Friday, January 11, 2013

Slow Flight

Winter does allow the time to review magazines, blogs and forums. One of the common topics lately has been high work, discussing stalls, steep turns and ground reference maneuvers and how glass panels and advanced avionics have distracted pilots from practicing basic skills.

Yesterday was a rare winter's day. The Sun was out, winds were mild and temperatures were 'moderate' (above freezing). Planning indicated it would be a good day to fly so I finished work a bit early and headed out to the airport. Kathy had surprised me by putting some decorations on the prop (my Christmas present this year). Less than ten pulls to get the burp. The ten gallons of gas I put in last week week sumped clean and Sally's condition looked great. She started easily. I moved her up past the old silo to get out of the shade and we sat on the concrete apron as the oil warmed up.

Butter Valley was busy! David had his Rans Airaile up doing some pattern work and a Cessna stopped by to try our little airfield out for size. It was fun sitting in my airplane, warmed by the sun, just watching the show. Just as David had finished my Rotax reached 122F so I taxied out to take his place. After my run up the Cessna was ready for his takeoff so I waited while he was on the roll, then announced my intent to 'line up and wait'. (Don't get to say that very often at this airport.)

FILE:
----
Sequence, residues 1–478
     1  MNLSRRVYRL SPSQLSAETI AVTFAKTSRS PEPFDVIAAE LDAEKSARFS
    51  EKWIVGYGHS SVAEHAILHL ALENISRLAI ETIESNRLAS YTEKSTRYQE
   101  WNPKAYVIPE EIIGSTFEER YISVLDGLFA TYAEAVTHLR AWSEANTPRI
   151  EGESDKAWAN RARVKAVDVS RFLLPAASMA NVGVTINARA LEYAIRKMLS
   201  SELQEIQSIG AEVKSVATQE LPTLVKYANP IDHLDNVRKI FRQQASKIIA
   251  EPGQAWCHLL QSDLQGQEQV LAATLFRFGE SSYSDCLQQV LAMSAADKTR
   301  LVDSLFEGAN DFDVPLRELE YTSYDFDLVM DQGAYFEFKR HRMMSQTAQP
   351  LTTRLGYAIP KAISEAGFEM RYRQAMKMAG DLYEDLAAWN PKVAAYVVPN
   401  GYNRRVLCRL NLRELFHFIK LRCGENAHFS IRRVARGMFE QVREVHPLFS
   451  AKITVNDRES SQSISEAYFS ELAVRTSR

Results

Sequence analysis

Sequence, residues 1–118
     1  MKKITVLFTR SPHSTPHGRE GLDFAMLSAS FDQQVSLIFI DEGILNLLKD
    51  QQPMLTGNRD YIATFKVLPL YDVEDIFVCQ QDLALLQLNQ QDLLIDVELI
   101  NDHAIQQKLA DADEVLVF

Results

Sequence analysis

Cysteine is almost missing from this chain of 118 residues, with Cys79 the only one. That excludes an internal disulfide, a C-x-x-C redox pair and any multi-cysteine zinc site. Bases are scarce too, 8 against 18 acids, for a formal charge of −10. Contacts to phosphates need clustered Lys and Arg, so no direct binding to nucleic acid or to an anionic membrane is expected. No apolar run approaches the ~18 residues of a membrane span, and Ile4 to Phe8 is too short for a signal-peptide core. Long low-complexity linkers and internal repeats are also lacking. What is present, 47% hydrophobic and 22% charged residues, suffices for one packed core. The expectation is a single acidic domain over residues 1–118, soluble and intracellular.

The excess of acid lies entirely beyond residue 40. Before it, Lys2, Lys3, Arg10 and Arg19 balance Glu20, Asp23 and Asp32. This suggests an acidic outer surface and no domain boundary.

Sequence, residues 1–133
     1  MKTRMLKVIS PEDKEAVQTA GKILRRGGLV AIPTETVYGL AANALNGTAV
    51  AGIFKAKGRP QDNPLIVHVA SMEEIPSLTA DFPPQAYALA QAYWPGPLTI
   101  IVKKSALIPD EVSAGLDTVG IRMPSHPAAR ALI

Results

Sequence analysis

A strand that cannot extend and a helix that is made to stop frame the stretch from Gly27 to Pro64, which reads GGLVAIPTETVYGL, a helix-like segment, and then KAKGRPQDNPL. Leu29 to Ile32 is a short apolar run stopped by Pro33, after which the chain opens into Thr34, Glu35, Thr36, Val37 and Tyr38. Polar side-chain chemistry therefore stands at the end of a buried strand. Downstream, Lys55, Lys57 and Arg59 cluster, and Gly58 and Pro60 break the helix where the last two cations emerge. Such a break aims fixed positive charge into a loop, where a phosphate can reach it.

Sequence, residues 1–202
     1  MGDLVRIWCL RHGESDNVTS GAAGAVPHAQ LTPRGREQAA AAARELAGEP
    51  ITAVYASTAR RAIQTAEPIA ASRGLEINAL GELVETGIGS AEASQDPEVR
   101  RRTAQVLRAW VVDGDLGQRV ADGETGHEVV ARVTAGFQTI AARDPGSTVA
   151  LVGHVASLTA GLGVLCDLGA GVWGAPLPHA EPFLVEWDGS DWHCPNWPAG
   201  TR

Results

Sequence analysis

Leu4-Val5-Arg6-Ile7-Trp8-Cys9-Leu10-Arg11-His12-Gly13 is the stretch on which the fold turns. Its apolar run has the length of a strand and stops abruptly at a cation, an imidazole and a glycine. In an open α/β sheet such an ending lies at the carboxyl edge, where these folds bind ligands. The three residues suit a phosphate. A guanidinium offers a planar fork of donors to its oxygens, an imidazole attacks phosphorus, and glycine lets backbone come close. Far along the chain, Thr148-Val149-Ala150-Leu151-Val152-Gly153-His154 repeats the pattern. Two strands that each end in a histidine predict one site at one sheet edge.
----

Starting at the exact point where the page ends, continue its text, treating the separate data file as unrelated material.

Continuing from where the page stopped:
We took off and departed to the east, climbed to 3500' and trimmed for level flight at about 5 gal/hr. The steep turn to the left was easy and I was pleased with my control. I rolled out 5 degrees late and decided to account for that for the turn to the right. The point of reference is very different for right turns and it took me awhile to stabilize. Within the PTS but not at all pleased, I decided to do the series again. I got that satisfying burble when I passed through my own wake.

Next I lined up on a cardinal heading and transitioned to slow flight. My feet danced a bit but I was happy with heading and altitude control. Once trimmed I brought the power to idle and waited for the stall. Sally flies slow! Right around 32 knots she broke clean ahead, recovery was easy and adding power was very effective. We did that exercise one more time and I'm comfortable with the exercise. Time to go home.

I made my radio calls but I was the only one in the pattern now. A normal landing (very nice) in almost zero wind conditions. We back taxied, took off and departed again to the east, and I gave myself an engine failure. I extended the turn to final, lined up and dropped the flaps when the field was made. Nice.

Two more turns in the pattern and I was done for the day. Just over an hour of Fun.

Back in the barn I did a brief post flight and burped her again. (Less than 30 pulls). Covers and chocks, and I pulled the hangar doors closed. I don't know when the weather will let me do this again.

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